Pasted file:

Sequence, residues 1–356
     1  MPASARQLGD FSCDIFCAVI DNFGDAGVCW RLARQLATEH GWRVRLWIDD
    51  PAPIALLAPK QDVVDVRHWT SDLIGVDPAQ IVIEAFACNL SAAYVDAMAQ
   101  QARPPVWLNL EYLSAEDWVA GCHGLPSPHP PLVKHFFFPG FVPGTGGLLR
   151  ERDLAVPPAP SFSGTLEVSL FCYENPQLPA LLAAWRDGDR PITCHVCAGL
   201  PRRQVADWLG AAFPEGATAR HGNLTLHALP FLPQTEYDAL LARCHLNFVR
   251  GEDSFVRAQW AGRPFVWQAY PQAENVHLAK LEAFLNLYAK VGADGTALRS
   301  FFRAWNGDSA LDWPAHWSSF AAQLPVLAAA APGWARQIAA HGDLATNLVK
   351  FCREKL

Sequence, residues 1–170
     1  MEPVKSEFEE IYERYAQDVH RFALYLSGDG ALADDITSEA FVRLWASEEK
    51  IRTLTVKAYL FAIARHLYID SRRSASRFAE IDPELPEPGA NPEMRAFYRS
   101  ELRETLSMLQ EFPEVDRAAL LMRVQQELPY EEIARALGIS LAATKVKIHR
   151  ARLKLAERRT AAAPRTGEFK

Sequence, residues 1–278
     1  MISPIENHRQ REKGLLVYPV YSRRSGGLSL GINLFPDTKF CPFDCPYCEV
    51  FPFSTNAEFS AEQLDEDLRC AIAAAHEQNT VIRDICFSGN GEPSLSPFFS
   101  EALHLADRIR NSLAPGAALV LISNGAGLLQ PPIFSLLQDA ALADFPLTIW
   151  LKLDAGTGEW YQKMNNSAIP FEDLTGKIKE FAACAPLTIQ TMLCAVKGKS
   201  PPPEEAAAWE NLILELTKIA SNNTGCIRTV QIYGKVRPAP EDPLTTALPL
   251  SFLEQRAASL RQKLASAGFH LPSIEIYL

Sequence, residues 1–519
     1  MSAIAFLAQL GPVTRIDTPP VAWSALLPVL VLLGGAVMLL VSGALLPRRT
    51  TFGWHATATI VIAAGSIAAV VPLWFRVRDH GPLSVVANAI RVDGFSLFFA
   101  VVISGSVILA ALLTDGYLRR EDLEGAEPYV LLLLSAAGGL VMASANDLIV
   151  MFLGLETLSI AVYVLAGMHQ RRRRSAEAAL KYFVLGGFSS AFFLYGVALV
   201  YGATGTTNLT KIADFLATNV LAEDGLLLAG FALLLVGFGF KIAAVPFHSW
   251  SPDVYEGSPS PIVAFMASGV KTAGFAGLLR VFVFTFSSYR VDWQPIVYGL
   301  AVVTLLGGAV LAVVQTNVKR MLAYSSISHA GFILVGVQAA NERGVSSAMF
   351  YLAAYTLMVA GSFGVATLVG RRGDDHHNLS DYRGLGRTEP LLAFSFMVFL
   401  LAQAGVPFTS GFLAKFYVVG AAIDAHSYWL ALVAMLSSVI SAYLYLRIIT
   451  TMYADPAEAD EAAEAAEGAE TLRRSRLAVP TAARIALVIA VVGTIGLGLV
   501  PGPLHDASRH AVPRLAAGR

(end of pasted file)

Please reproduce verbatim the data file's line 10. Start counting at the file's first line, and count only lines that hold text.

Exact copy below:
Sequence, residues 1–170